Rogueish

05/09/13

I know the flirtatious “guys are terrible lol/jk” thing is a trope, but the view of men in this track is so jaundiced the flirtatiousness only exists as trope, making the song rather weird (and pointing up the creepiness of the way in which men can only be criticized along with elaborate reassurances of unseriousness). I’m just going to assume it was originally titled “#killallmen” until the suits forced them to change the lyrics.

(Source: youtube.com)

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The Saturdays - I Say OK

12/19/11

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Nicole Scherzinger’s performance of her new song, “Pretty,” on the X Factor, and Katherine St Asaph’s excellent write-up, reminded me of another recent song about not wanting to be seen as “pretty.” The Saturdays’ track is not as lyrically interesting as Nicole’s, although it’s musically more to my taste. I actually can’t quite make out what the Saturdays are saying they want to trade their ball gown for; I guess it’s LBD, as in Little Black Dress, which admittedly isn’t exactly rejecting conventional feminine beauty standards. When I first heard the song, I thought it was “LGV,” and they were singing about how they wanted to become van drivers, which to be honest would be pretty awesome.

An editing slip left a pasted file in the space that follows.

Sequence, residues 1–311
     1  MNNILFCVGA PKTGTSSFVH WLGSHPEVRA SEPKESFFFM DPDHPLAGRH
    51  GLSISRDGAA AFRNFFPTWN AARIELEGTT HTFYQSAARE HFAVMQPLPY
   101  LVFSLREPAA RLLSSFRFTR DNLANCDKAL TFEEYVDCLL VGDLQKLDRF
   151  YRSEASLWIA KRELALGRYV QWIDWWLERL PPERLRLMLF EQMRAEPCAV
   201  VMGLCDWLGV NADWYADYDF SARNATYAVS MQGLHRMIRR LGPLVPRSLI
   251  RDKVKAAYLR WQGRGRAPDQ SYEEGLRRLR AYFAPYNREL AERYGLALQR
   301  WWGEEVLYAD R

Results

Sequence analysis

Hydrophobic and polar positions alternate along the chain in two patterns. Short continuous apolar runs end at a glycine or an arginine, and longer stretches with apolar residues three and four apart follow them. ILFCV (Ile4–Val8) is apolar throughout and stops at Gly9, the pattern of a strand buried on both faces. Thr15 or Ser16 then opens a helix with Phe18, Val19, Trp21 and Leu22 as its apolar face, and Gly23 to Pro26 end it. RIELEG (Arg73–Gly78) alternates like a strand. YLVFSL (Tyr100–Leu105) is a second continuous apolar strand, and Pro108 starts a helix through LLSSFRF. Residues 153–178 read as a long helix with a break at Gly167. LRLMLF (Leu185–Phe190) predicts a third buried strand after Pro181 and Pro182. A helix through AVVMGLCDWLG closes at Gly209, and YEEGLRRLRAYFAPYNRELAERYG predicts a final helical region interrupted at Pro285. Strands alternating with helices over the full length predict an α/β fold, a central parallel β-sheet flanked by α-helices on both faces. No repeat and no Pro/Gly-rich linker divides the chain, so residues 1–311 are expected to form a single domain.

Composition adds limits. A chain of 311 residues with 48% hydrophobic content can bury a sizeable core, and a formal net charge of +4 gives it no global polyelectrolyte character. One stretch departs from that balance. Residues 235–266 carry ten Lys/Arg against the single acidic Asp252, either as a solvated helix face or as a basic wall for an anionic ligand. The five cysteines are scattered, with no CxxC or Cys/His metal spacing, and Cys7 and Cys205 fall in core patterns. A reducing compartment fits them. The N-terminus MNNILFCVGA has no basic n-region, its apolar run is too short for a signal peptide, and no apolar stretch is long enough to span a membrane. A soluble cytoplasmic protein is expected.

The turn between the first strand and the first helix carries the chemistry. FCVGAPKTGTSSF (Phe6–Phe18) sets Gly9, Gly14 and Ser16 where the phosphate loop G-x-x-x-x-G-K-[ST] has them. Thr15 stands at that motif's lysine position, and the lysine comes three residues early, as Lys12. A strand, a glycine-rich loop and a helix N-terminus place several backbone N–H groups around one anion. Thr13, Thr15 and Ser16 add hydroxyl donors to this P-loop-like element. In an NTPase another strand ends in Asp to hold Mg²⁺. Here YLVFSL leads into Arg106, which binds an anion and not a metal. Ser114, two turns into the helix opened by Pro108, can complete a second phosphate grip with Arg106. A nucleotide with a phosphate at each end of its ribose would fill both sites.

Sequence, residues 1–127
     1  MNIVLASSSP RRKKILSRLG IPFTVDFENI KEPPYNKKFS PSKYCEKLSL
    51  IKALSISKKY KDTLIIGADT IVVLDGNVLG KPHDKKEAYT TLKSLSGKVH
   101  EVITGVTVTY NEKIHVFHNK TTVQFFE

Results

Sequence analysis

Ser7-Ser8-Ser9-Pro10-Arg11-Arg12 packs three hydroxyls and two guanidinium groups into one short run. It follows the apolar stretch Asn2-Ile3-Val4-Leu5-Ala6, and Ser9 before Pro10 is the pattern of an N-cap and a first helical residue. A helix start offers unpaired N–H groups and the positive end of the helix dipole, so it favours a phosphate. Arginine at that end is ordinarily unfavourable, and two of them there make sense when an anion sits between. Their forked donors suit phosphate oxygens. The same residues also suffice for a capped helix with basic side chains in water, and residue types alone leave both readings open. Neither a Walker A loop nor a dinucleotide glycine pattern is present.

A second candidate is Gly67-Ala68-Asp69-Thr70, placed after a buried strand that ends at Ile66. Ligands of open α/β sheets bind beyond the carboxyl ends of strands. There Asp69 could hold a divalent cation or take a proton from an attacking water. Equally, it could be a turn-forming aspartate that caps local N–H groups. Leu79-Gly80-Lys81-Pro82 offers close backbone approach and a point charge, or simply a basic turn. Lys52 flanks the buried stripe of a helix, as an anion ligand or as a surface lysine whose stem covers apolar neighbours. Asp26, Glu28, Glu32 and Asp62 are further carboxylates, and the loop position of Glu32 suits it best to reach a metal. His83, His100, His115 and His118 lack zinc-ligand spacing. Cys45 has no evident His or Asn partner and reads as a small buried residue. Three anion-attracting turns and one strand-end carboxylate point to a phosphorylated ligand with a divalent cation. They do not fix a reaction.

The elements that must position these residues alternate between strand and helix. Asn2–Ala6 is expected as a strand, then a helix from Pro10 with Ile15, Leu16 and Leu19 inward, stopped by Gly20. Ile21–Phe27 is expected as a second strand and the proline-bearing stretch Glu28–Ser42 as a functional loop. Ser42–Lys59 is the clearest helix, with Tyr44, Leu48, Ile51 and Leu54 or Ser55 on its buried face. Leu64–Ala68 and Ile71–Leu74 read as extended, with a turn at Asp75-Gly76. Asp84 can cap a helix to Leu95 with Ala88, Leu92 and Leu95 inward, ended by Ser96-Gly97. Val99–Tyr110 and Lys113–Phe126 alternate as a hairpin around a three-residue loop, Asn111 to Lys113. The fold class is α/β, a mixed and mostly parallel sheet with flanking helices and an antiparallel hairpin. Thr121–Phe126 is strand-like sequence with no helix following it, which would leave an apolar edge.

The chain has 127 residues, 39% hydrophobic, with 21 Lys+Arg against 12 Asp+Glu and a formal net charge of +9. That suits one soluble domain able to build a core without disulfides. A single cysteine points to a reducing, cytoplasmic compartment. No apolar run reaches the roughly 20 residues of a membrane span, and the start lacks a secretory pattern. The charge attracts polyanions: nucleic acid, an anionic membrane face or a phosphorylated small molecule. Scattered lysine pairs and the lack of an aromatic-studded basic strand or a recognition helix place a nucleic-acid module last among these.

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it's her factory: Schenker and “The Soar”: Modifying tonal conventions for not-really-tonal music

11/27/11

These non-harmonic forms of musical intensification create a sense of affective intensification: the song builds and builds, teasing listeners with an implied (and expected) payoff of some sort. This payoff, however, is not “resolution”—it’s often more of a burst or a release, after which the song drops off/down. In Britney Spears’ “Till the World Ends,” the main moment of Soar is followed by silence.

Reminded of this by the new Saturdays album. The problem I’ve had with a lot of the Saturdays’ previous songs is that they take this harmonic resolution too literally, and their songs have tended to move from interesting verses to obvious, and tiresomely, uplifting choruses. Their new album largely avoids this problem by going hard with the rave-pop template and marginalizing the verse-chorus structure.

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